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Case Study: Farmworker Housing

Torres Martinez Desert Cahuilla Indians

The Torres Martinez Desert Cahuilla Indians (or Torres Martinez) are a federally recognized Indian Tribe based in Thermal, California. They administer housing improvement, youth development, education, childcare, employment, training, and environmental programs to benefit their tribal members. These programs are funded by over $20 million of Federal grant funds.

Torres Martinez was created through a Federal Executive Order in 1876 and currently supports 30 full-time staff members. The Reservation is comprised of 24,000 acres in the counties of Riverside and Imperial in California's Coachella Valley. Torres Martinez has 800 enrolled members, about half of which live on or near the Reservation.


With a recent $650,000 HUD Rural Housing and Economic Development grant, the tribe and its partners are developing the Torres Martinez Migrant and Farmworker Housing Village, a 330-space affordable mobile home park, community center, and swimming pool for permanent resident and migrant farmworker families. Combining both housing and economic development activities, this project also includes a property management training and employment component for its tribal members. During its first 10 years of operation, the park will be managed by the tribe's non-profit partner, LINC Housing. Once their tenure ends, they would have hired and trained Torres Martinez tribal members to take over the facility's operating responsibilities.

For this project, Torres Martinez successfully leveraged more than twice the amount of funds than what they received from HUD, amounting to an additional $1,450,000. They secured a $750,000 Community Development Block Grant from Riverside County and up to $700,000 in Community Facility Loan Funds from the United States Department of Agriculture, all to be used specifically for this project.

The tribe also serves the following 5 "Special Needs" communities as HUD has identified by implementing this project: (1) A very small population of 2,500 or less; (2) Migrant and seasonal farmworkers; (3) Native American Indians; (4) People living in colonias; and (5) A federally designated Empowerment Zone.


Torres Martinez, unlike the nearby tribes along Highway 10, is a non-gaming tribe. This means that they do not generate any income and have to rely heavily on federal funding to continue their existing programs. Unemployment and dropout levels are currently at about 60% for the tribe. They also experience high rates of diabetes, obesity, heart and respiratory problems, coupled with low life expectancy rates, with most of their tribal elders living only to their 50s and 60s. Tribal housing is very substandard, amounting to about 38 units, all of which are in severe disrepair and require major renovation or complete replacement.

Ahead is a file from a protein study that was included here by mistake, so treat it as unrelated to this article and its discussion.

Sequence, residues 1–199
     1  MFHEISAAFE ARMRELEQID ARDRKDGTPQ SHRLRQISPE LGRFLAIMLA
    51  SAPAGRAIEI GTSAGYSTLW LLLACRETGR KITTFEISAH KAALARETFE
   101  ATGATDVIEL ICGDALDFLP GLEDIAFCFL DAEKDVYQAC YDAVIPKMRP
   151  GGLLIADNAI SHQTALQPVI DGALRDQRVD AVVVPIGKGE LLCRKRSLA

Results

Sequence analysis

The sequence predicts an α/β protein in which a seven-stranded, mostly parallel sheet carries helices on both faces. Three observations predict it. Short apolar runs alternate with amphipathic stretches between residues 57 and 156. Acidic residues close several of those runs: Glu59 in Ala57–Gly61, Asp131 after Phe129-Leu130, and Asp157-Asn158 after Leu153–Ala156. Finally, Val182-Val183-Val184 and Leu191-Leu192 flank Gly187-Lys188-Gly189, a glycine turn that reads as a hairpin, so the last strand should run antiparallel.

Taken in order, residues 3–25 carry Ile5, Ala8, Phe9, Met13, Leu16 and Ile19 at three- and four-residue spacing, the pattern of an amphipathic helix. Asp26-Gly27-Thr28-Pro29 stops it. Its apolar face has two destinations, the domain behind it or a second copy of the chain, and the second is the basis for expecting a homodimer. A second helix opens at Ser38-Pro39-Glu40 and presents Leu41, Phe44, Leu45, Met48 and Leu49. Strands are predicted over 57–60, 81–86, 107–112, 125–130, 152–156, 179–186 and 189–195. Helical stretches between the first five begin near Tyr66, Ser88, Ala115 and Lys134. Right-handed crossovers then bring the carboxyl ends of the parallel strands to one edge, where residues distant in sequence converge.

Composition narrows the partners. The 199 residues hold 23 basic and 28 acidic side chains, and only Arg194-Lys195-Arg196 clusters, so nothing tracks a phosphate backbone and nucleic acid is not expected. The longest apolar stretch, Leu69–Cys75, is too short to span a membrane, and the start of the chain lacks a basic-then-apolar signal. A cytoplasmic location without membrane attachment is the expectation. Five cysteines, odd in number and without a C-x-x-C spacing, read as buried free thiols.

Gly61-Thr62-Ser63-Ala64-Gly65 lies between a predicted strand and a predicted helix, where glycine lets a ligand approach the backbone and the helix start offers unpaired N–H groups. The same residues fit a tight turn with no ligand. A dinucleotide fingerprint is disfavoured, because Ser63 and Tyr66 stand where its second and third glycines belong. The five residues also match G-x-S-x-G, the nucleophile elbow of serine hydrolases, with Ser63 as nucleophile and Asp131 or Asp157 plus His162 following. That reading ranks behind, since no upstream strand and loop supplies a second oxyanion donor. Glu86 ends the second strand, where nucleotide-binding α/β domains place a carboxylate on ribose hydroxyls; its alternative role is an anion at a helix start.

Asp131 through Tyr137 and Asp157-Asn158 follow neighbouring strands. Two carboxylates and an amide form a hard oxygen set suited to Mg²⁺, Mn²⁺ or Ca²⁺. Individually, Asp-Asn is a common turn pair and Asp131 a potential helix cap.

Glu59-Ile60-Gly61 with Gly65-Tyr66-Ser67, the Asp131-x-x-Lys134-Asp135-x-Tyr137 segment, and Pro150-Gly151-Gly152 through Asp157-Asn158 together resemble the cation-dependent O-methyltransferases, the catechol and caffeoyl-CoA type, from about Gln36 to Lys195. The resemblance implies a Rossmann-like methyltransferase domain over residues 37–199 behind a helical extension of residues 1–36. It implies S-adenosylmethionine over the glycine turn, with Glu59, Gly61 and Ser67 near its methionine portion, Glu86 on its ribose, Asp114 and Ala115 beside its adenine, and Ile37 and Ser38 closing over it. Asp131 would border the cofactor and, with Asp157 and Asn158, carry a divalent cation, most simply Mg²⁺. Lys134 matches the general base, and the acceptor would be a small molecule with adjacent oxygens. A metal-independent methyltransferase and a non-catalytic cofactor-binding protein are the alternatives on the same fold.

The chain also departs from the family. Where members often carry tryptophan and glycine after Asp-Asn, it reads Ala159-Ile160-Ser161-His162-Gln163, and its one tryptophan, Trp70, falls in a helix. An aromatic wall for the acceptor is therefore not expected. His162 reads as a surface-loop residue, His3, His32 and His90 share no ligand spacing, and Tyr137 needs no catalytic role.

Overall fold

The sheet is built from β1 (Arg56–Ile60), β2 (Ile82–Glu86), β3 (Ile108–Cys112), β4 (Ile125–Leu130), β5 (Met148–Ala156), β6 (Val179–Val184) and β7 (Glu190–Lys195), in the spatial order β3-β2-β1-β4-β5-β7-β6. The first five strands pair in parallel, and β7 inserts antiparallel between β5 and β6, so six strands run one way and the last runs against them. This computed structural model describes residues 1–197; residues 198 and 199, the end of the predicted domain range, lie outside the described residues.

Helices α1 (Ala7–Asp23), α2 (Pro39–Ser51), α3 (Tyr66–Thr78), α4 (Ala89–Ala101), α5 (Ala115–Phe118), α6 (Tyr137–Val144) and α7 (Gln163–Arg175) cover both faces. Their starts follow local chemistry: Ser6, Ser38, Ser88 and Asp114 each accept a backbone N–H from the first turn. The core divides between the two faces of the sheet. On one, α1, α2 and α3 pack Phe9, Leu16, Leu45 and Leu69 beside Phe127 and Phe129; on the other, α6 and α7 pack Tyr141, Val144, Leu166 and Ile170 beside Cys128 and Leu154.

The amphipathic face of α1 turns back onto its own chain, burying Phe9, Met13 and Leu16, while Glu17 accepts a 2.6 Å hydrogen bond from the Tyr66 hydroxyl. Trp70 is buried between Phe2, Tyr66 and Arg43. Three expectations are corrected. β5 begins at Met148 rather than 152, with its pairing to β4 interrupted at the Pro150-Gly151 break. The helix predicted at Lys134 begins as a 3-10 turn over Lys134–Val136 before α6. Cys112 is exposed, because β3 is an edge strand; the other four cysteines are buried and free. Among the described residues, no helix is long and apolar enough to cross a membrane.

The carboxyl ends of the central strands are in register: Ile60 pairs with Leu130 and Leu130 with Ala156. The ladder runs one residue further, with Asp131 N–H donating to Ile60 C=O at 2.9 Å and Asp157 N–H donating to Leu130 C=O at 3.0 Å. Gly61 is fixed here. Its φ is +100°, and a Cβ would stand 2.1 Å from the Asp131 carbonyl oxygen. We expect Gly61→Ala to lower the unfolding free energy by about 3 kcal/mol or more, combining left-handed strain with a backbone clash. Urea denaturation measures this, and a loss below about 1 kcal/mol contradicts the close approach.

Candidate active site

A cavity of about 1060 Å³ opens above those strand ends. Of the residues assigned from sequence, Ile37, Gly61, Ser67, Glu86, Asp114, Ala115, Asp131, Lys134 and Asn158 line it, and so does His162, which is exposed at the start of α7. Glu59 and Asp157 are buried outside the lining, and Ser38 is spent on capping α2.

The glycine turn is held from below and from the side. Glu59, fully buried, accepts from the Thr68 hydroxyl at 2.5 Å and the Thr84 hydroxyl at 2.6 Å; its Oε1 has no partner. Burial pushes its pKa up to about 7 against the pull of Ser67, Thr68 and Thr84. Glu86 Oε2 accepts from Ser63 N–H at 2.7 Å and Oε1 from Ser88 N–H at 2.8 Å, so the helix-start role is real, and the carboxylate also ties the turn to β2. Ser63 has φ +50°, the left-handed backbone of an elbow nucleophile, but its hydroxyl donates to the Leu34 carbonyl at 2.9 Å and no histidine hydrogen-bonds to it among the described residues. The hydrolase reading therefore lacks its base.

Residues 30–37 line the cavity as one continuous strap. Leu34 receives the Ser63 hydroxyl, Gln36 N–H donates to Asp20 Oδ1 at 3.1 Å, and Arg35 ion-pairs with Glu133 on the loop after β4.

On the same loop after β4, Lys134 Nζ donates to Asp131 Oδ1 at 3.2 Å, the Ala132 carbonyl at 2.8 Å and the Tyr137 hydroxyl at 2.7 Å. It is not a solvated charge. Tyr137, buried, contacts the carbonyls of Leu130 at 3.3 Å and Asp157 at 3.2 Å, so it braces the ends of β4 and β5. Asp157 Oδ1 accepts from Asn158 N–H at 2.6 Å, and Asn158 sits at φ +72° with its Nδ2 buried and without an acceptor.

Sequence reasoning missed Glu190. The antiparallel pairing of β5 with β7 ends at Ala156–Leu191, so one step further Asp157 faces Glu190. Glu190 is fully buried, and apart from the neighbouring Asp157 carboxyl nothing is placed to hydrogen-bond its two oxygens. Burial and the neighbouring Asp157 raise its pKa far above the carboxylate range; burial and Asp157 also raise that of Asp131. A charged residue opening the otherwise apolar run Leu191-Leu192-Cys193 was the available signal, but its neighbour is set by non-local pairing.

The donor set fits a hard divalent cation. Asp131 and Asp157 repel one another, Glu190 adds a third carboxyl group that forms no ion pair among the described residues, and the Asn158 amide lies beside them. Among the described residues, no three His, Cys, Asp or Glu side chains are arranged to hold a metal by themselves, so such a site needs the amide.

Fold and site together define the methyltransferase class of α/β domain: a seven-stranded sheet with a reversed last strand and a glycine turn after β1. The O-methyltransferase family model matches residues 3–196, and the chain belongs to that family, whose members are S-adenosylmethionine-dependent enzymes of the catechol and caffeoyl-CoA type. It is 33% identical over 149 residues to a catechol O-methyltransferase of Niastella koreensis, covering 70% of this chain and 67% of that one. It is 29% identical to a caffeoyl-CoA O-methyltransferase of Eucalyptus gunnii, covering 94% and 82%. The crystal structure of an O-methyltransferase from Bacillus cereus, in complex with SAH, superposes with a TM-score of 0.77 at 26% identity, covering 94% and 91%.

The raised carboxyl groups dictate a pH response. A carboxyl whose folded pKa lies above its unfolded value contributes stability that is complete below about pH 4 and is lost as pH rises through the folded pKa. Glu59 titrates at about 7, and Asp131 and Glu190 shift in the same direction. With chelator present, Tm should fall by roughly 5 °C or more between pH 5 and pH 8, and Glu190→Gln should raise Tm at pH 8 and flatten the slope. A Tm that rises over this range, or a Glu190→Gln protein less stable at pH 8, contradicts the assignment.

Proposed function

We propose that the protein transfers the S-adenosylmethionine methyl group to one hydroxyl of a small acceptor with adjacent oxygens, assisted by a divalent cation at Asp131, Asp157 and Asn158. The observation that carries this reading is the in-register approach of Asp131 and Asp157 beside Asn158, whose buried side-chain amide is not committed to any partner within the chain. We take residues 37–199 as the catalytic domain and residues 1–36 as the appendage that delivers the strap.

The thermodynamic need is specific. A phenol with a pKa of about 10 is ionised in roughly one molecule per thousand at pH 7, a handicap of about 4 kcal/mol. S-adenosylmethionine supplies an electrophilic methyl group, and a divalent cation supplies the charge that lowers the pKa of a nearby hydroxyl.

The Coachella Valley, while supporting a $427 million agricultural industry, continues to face a drastic shortage of decent, affordable farmworker housing. In fact, the shortage is so severe that the state has obligated Riverside County to build 12,232 housing units in the unincorporated areas of the Valley by 2005. Presently, there are an estimated 400 non-permitted mobile home parks - most of which house farmworkers and their families - in Riverside County. Many if not all of these parks are undesignated colonias with little-to-no paved road infrastructure, unsafe electrical wiring, and unsanitary and inadequate water and wastewater facilities.

During peak harvest season, the unincorporated desert communities adjacent to the Valley's vast agricultural lands (Thermal, Mecca, and Oasis) attract hundreds of migrant farmworkers without a place to stay. Locally, it is commonly known that many of the town's permanent residents rent out their extra rooms, garages, trailers, parking areas, and even mattresses to groups of farmworkers needing a place to sleep, regardless of the overcrowded conditions these practices create. Many who cannot afford these options seek refuge amongst the local tamarisk trees and empty lots.

What Lies Ahead

The agricultural industry along with demand for agricultural labor is growing and will likely continue to grow in the Coachella Valley. Today there are 370 agriculture companies in the Valley, 100 more than in 1990. New agriculture activities include produce packing and processing, which require an increase in workforce skill levels. Jobs are becoming more year-round and less seasonal. At the end of 1999, there were 12,380 Coachella Valley residents employed in agriculture, a 7.5 percent increase from 1991.

The Coachella Valley's affluent areas are expanding without providing affordable housing. Neighboring the Valley's poor communities, the popular retiree and vacation destinations of Indian Wells and Palm Springs often forego the use of federal housing funds in order to avoid the accompanying mandate to build their share of affordable housing. At the same time, these areas are expanding their golf course and country club resorts which results in a growing need for lower paid service sector employees, most of whom cannot afford to live where they work. This reality forces them to compete for affordable housing with the area's poorer farmworker community, putting even more of a squeeze on affordable housing availability for the very poor in Riverside County.

In the near future, Torres Martinez intends to work toward building more eco-friendly housing for its tribal members, while continuing to pursue innovative partnerships and ventures to better serve the underserved in the Coachella Valley.

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